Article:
At-A-Glance Bio- Presenter #4

Geneva Shepherd is a Junior at Appalachian State University majoring in Interdisciplinary Studies with a focus on geography and communication and minor in Spanish. She is interested in the overarching trends of interacting cultures and the influence media plays on them. After school she wants to conduct field research in South America to search for patterns of cultural movement and language. Geneva can be reached at

Presentation #5 Abstract or Summary

Ruralism and Identity in Appalachia Memetic Concepts of Appalachian Identity. Due to the rising importance and prevalence of memes as a vessel for communicating complex cultural and political ideas, it’s become essential to analyze memetics for their often forgotten or concealed identity assumptions. As an easily accessible method of communication, memes are developed both as internal dialogues by communities, and as otherizing external dialogues by different communities; by examining both sides of that discourse, I want to analyze the transformation of early concepts of Appalachian identity into their modern expression – how has the image of the Appalachian Other become a meme in the modern era? How have these identity expressions developed as part of the internal Appalachian dialogue? By using rhetorical and critical analysis methods alongside ethnographic methods literature on visual presentation, I will interrogate visual memes to uncover the overall memetic concepts and the cultural identity concepts they are a part of assuming and transmitting.

At-A-Glance Bio- Presenter #5

Trevor Moody is a sophomore at Appalachian State University majoring in Journalism. His interests are policy and politics, and he plans on researching and writing on domestic policy and the intersectionality of policy and culture. After completing undergrad he plans on entering the workforce or attending graduate school. Trevor can be reached at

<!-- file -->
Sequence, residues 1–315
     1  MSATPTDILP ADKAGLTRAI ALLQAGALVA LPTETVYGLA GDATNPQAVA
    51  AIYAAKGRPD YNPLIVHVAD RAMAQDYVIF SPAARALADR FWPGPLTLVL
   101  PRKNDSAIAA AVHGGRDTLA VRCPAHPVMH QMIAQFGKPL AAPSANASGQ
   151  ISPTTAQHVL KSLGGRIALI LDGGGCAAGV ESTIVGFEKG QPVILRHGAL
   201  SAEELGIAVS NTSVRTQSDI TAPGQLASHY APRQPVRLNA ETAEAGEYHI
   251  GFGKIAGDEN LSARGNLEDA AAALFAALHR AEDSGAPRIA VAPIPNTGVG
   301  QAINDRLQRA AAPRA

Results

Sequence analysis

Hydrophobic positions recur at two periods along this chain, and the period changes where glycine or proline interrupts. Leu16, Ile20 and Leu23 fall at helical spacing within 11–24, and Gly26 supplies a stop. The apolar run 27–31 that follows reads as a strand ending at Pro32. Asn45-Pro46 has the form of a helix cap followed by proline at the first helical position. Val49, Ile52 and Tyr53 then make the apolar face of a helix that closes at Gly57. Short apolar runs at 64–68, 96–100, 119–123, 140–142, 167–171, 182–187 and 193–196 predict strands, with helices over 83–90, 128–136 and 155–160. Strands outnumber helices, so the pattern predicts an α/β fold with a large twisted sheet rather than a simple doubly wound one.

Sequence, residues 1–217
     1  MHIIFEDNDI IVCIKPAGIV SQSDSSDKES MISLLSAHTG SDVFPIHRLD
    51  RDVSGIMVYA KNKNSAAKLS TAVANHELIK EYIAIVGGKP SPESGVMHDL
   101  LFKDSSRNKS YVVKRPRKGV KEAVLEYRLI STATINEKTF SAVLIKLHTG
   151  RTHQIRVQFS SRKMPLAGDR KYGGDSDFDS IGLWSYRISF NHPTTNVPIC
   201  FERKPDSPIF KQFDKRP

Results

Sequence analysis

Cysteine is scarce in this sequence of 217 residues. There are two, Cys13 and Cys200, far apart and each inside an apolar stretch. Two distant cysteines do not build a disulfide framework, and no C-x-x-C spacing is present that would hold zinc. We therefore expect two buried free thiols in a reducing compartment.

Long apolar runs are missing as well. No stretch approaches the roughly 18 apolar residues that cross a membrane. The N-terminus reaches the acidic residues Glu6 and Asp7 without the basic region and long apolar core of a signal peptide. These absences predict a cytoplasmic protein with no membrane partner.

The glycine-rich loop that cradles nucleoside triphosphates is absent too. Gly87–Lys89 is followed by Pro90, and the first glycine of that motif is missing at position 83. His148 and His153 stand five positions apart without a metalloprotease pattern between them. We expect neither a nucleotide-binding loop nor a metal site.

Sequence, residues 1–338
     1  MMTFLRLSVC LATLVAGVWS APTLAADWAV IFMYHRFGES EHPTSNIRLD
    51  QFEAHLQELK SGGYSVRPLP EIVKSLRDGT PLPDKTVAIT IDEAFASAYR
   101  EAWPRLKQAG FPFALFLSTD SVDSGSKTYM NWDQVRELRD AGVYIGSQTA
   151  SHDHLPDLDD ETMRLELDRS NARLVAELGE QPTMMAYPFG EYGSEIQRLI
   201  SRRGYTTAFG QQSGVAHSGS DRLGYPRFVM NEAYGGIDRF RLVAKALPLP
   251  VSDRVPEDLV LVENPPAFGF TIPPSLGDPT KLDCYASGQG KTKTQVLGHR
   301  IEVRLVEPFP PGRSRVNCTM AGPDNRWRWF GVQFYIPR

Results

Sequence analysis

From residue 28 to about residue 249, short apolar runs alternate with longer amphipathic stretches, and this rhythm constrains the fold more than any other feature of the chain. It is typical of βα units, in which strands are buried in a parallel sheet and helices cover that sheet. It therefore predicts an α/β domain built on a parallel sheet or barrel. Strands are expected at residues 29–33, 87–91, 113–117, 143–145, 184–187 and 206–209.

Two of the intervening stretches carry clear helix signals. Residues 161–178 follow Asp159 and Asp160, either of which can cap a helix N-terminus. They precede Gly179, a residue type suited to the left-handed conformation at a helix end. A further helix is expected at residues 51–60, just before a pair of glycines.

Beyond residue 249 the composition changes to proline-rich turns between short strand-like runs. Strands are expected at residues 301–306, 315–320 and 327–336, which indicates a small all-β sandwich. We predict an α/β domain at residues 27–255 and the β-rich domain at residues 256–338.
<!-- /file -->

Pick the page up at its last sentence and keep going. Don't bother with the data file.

Presentation #6 Abstract or Summary

Note: Due to some health issues Megan was unable to write an abstract. She is still hoping to attend the conference and speak on this panel so I just wanted to make note that should this panel be accepted we may have another student presenter that - if allowed - we would like to add. We appreciate your patience and consideration on this matter.

At-A-Glance Bio- Presenter #6

Megan Richardson is a junior Communication Studies major at Appalachian State University. Her interests focus on discourse surrounding chronic illness within the medical community and how this impacts medical accessibility for persons with chronic illness. After completing her undergraduate degree, she wants to further her research and study in graduate school and work to increase awareness and facilitate change within the medical community concerning chronic illness and accessibility. Megan can be reached at

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Socializing Class: Some Opening Comments on Appalachia, Identity, and The Other

The panel will begin with some brief comments about the creation and maintenance of Appalachia as a descender and stratified population, emphasizing the importance of undergraduates understanding and struggling with regional identity. These comments will be short and simply designed to frame the discussion of the student presenters.